Tuesday, February 05, 2008

Dr Crippen and Quackitioners

We all know that Dr Crippen of NHS Blog Doctor doesn't like nurse practitioners, who he so kindly refers to as 'quacktitioners', but now he has taken a pot shot at pharmacist with a special interest(PHwSI). Now just in case Dr Crippen doesn't realise this, pharmacists do four years at uni, followed by a years on the job training (a pre-registration year). To become a PHwSI you would no doubt have to do a clinical diploma which takes another two years, and most pharmacists don't start these just after registration. So a minimum of six years training until a pharmacist could be a PHwSI. Lets not also forget that pharmacists get taught far more about drugs than doctors do - we don't really have to worry to much about diagnosis.

Dr Crippen comes across as a GP who has been qualified for quite a while and seems to take the view that no one can do any job better than a medically trained person. But how good are GPs at dermatology? My experience is that they are not that good - I've spoken to a GP with a special interest in dermatology who complained that GPs were prescribing oral antibitotics for acne without a topical treatment, and I've also had a patient who I found out was using Fucibet (fusidic acid, which is an antibiotic, and betamethasone which is quite a strong steroid) on her face! Dermatology is also an area that is conducive to management by people other than doctors - I'm no dermatology expert but I generally see at least one skin rash per day and normally have a decent idea of what it is and how to treat it, and those patients I send to their GP normally come back with a prescription for what I was expecting.

The question is why is Dr Crippen so defensive and so against pharmacists or nurses looking after certain conditions. What would he think if he knew that I was responsible for the care of some patients on warfarin?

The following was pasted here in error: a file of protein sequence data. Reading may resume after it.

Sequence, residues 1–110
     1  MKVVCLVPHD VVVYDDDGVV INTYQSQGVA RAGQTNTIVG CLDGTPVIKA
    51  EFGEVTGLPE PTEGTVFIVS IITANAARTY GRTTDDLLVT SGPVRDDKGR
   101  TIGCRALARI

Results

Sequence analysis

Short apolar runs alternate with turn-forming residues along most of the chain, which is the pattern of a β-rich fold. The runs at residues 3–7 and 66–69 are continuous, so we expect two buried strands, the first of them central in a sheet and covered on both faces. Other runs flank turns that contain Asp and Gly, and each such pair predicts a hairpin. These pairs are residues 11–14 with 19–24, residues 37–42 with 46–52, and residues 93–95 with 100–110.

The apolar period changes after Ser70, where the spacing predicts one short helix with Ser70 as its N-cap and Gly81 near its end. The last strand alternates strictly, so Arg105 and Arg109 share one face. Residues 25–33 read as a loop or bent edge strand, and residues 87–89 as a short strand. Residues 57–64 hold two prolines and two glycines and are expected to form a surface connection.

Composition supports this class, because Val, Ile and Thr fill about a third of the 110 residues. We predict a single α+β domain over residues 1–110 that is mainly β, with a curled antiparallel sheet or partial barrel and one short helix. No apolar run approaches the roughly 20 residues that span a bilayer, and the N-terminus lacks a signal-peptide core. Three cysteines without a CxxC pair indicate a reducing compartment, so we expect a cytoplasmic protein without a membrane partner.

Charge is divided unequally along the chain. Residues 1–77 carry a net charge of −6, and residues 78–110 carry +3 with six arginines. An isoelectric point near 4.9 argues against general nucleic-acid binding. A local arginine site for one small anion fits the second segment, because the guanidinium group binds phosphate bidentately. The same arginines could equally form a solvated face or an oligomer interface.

At the end of the day there are lots of patients out there with chronic diseases. Doctors, pharmacists and nurses should be working together to look after these patients, after all there are more than enough of them to go round, and GPs can get money from work done by other people (I've got 80 COPD patients to check inhaler technique for, so that the GP practice can get their QOF points). Pharmacists are not generally diagnosticians, (PHwSI may be an exception) but we are eminently qualified to look after patients with established diseases.

I'm back

Sorry for the long absence, but lots of things have been going on since the summer. I've left the branch I was managing (for a number of reasons), did some relief work across the south east for a few months and am now at one branch full time because I've replaced one of my friends who has gone back to Australia to study medicine as a postgrad. The bonus is that my trip to work is about 30 seconds as I'm living in the flat above the pharmacy.

I've also been busy with my clinical diploma and all is going well. The exam was a few weeks ago and seemed to go ok, apart from a question on baby milks. I also have a new girlfriend, so am very happy and content at the moment.

I'll try and post more regularly in the future as I get back into the habit. The branch I'm at now does 20,000 items a month, so we have quite a few interesting patients to discuss.